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High court is indeed activist, bar panel says

OCEAN CITY — The U.S. Supreme Court has not hesitated in recent years to go above and beyond the cases before it to make bold and sweeping changes to the law, three veteran court watchers said Thursday.

“This court’s habits are very injurious to its reputation that it reacts instead of pro-acts,” said Lyle Denniston, who has covered the court for more than 50 years. “This is an institution that has a very deep sense of its own consequences.”

Chief Justice John G. Roberts Jr. is misleading when he calls his philosophy “judicial minimalism,” added Dahlia Lithwick, a senior editor and legal correspondent for Slate.

“I think the court is very delusional in saying that it’s not activist,” she said.

Denniston, Lithwick and Alan B. Morrison, a law professor who has argued more than 20 cases before the court, discussed recent court opinions and previewed some of the cases to come at a panel discussion at the Maryland State Bar Association’s annual meeting sponsored by the Appellate Litigation Committee.

Maryland has a connection to the most high-profile case of the current term and possibly the next term. The court’s 8-1 decision allowing a Kansas church to picket outside a Marine’s funeral in Westminster highlighted a “banner year for the First Amendment,” Lithwick said.

While the outcome of the case was never in doubt, Lithwick pointed to Justice Stephen Breyer’s concurring opinion wondering about a “new world of the First Amendment” with the Internet.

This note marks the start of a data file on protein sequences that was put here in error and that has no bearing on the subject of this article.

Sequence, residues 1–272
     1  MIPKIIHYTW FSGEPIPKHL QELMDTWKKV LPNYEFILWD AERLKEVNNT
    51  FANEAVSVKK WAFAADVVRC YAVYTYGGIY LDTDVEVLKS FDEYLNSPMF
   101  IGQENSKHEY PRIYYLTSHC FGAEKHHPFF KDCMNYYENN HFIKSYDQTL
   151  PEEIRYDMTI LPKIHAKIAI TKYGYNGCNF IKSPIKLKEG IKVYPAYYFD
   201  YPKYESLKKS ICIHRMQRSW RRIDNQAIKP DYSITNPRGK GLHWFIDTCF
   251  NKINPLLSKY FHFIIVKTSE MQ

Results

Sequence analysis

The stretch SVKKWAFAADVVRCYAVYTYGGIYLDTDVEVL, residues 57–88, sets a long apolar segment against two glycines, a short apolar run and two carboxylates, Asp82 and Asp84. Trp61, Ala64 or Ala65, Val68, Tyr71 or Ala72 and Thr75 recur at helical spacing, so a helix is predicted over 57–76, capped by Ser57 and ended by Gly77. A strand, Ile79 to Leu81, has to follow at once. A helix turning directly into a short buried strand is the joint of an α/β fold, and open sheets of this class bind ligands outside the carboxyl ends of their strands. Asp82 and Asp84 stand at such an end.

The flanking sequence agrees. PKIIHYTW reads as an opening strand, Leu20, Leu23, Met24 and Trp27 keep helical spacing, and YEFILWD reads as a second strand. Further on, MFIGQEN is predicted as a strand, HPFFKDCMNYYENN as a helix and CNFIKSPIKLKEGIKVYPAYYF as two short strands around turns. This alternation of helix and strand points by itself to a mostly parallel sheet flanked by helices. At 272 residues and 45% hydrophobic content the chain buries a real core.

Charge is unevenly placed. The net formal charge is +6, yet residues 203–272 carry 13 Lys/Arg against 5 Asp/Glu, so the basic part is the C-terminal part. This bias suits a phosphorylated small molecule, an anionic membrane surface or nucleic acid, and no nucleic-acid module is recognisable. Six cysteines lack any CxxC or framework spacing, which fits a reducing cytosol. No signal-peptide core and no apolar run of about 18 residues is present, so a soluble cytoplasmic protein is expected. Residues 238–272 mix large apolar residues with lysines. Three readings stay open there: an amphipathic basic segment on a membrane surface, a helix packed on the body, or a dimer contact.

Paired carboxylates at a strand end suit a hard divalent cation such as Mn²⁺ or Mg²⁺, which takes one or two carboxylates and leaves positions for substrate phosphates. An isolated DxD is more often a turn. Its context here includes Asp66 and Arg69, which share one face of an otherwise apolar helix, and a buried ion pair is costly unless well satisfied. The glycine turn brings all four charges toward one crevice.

“It used to be yelling ‘fire’ in a crowded theater was a crime,” she said. “Now the whole world is a crowded theater.”

Denniston said the pending petition to watch is Williams v. Maryland, where the court would be asked to decide if a state law prohibiting the carrying of a handgun outside of the home violates the “right to bear arms” guaranteed by the Second Amendment. The Maryland Court of Appeals in January unanimously held it does not.

Court of Appeals Judges Glenn T. Harrell Jr. and Mary Ellen Barbera were among those attending the discussion.

The Supreme Court asked lawyers for the state to file a reply brief by the middle of next month after they initially declined to file one, according to Denniston.

“This is the big, big, big Second Amendment case,” he said, adding he believed the court would continue expanding the reach of the Second Amendment.

Morrison, of The George Washington University Law School, said the court could take up health care reform before next summer, but that it “has been really tough on standing and ripeness,” he said.

Lithwick said a year ago, court watchers believed an opinion upholding the law would be an 8-1 vote or 7-2 vote “if you’re drunk.” But that has turned into speculation about a 5-4 decision, with observers wondering how Justice Anthony Kennedy will vote.

“I’ve never seen it happen so quickly,” she said.

A massive class-action lawsuit alleging gender discrimination by Wal-Mart, by contrast, is a decade old and still in the class certification stage. The Supreme Court heard arguments on the topic in March, and Morrison said he was “almost certain” it would reverse an appellate decision allowing the case to go forward as a class-action lawsuit.

“It’s possible this will be the Bush v. Gore of class-action suits because it is so big,” he said.

One issue that will not be appearing before the nation’s highest court is a challenge to President Barack Obama’s American citizenship. The court has already rejected several appeals related to the issue.

“I hope people keep bringing them because it makes good news copy,” Denniston said.